I suspect that the American debt and consumerism is leading you nations towards a wake call, that will help people see the hooks and open their hearts to the gospel.

You need to be careful about the expresseion "terribly over priced". What does that mean. If people freely choose to pay the price because they think they are getting value, then who can say they are paying to much. The church has always got itself into trouble by when trying to set a "just price" for goods or services.

I am not sure what you mean by "glorious free market system". Markets cannot be glorius, because they are just people offering to buy or sell at a particular price. They are just exercising their God given freedom to interact with each other, so I would not knock it, but I would not call that glorious either. You can only get rid of markets by getting rid of people or turning them into automatons, so that is not the answer.

Blessings
Ron

Ted Gossard said...

Ron, I say glorious free market system, not to ban free market, but to decry the confidence placed in our economic system. It is misplaced not because it is evil in itself. But because it is too easily an idol or venue for our idolatry.

I stand by "terribly overpriced", on some items, anyhow. This is based on perception in regard to actual cost of furniture made here compared to the huge mark up, put off as a sale.

I just can't be happy with a nation that has so many people on its streets. Yet has more wealth than any other in the world.

RonMcK said...

Ted
If furniture is "terribly overpriced", the solution is simple. Someone in your church could start a furniture store. In America, you can borrow the money and buy the expertise. You will do a service to the poorer people by providing them with cheaper funiture. You could help some of those people on the street, by employing them. A win win for everyone.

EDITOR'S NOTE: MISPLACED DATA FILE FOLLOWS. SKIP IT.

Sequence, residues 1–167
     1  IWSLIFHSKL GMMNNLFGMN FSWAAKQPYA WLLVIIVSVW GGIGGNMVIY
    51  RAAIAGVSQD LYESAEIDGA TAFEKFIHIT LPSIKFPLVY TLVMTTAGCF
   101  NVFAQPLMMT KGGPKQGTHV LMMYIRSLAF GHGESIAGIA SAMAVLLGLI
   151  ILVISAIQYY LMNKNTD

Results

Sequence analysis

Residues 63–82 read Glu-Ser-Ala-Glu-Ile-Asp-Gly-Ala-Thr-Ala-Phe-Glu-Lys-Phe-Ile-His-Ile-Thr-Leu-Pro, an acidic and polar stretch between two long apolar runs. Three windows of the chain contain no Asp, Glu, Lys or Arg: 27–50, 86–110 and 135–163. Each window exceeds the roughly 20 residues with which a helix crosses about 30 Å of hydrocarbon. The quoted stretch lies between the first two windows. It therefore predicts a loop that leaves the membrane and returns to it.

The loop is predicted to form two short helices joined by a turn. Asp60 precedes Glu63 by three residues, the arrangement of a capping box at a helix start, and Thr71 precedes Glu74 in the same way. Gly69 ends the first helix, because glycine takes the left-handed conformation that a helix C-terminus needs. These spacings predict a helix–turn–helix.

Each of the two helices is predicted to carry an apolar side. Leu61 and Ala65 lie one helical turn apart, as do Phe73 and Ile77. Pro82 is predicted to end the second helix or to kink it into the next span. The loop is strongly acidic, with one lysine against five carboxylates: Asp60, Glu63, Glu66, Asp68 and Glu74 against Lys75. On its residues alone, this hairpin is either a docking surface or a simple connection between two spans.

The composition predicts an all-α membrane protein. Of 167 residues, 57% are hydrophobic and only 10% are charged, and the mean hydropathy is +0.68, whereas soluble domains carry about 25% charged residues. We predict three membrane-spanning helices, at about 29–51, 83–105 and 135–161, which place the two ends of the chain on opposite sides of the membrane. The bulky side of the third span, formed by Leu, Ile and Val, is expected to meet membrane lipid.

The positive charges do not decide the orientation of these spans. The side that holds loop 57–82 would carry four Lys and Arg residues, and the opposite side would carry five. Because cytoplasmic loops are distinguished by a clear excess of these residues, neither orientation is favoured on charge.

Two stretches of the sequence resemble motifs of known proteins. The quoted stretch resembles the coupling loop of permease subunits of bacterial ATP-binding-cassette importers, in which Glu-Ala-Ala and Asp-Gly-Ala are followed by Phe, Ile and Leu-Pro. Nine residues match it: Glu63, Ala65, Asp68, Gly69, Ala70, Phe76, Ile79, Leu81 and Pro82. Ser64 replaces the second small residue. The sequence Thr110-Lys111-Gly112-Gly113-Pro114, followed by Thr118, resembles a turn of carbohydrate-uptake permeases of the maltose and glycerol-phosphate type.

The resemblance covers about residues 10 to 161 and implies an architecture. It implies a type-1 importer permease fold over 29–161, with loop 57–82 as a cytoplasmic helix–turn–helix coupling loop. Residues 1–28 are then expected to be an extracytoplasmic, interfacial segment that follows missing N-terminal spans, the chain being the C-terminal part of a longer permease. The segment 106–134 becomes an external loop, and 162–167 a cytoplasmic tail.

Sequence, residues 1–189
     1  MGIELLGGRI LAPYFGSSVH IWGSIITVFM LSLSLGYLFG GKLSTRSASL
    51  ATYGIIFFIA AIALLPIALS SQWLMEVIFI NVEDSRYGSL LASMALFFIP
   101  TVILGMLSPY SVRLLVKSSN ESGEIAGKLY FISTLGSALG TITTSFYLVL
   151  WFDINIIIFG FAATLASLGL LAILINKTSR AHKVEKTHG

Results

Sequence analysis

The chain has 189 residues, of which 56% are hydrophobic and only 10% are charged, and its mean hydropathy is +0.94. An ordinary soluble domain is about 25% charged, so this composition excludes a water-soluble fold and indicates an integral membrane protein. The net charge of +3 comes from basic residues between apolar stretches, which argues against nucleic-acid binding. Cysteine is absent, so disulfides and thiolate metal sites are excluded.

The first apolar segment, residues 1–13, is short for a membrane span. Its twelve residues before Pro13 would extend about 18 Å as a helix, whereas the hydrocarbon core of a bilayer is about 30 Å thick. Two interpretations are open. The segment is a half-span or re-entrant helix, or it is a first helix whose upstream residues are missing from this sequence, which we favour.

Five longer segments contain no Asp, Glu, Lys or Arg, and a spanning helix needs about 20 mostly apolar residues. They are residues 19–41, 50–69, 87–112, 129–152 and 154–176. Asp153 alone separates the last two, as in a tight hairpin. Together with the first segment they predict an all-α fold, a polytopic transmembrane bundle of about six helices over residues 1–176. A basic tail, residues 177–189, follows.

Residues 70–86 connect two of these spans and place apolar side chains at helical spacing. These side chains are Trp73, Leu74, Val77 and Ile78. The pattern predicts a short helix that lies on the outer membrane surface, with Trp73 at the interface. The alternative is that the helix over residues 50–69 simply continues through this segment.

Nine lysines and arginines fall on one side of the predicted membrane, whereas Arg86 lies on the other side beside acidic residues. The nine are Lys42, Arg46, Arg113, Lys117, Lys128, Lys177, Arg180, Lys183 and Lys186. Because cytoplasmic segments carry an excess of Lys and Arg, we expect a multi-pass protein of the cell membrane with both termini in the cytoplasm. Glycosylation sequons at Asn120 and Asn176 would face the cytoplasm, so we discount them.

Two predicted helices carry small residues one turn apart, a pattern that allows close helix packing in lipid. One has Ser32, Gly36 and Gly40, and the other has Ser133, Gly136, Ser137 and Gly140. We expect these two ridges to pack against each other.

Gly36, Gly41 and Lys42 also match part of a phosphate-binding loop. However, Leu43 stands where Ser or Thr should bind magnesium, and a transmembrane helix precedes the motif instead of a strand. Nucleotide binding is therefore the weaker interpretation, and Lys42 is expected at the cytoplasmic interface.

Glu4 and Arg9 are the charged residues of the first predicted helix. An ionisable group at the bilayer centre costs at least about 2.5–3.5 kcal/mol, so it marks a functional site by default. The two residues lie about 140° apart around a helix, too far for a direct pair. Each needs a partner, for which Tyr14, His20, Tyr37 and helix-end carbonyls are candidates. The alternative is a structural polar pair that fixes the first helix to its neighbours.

Instead of grumbling about high prices, Christians should do something about it :-)

Ron

Steve Scott said...

Ron, there are other types of "force" that destroy. Here in the US, zoning laws place minimum sizes on residential lots, effectively mandating economic status of those who would live in any given community. Dividing lots into smaller sizes for the benefit of the poor or allowing multiple families to live in one house are against many zoning laws. Zoning laws in each community also dictate types of housing by location, as well as business and commerce. We as a nation are segregated according to class, all by law. The relatively poor cannot afford to live in richer communities where all the jobs are, so we have to commute long distances which creates all our traffic nightmares, which create calls for more government regulation, ad infinitum.

So, we really don't live in a "free" market because literally everything is regulated. The perceived "evil" inherent to the free market is, as you say, really the evil of those who abuse the system. I do think many people are right in their perception of evil in the market, they simply don't know where to point fingers, even if in the mirror.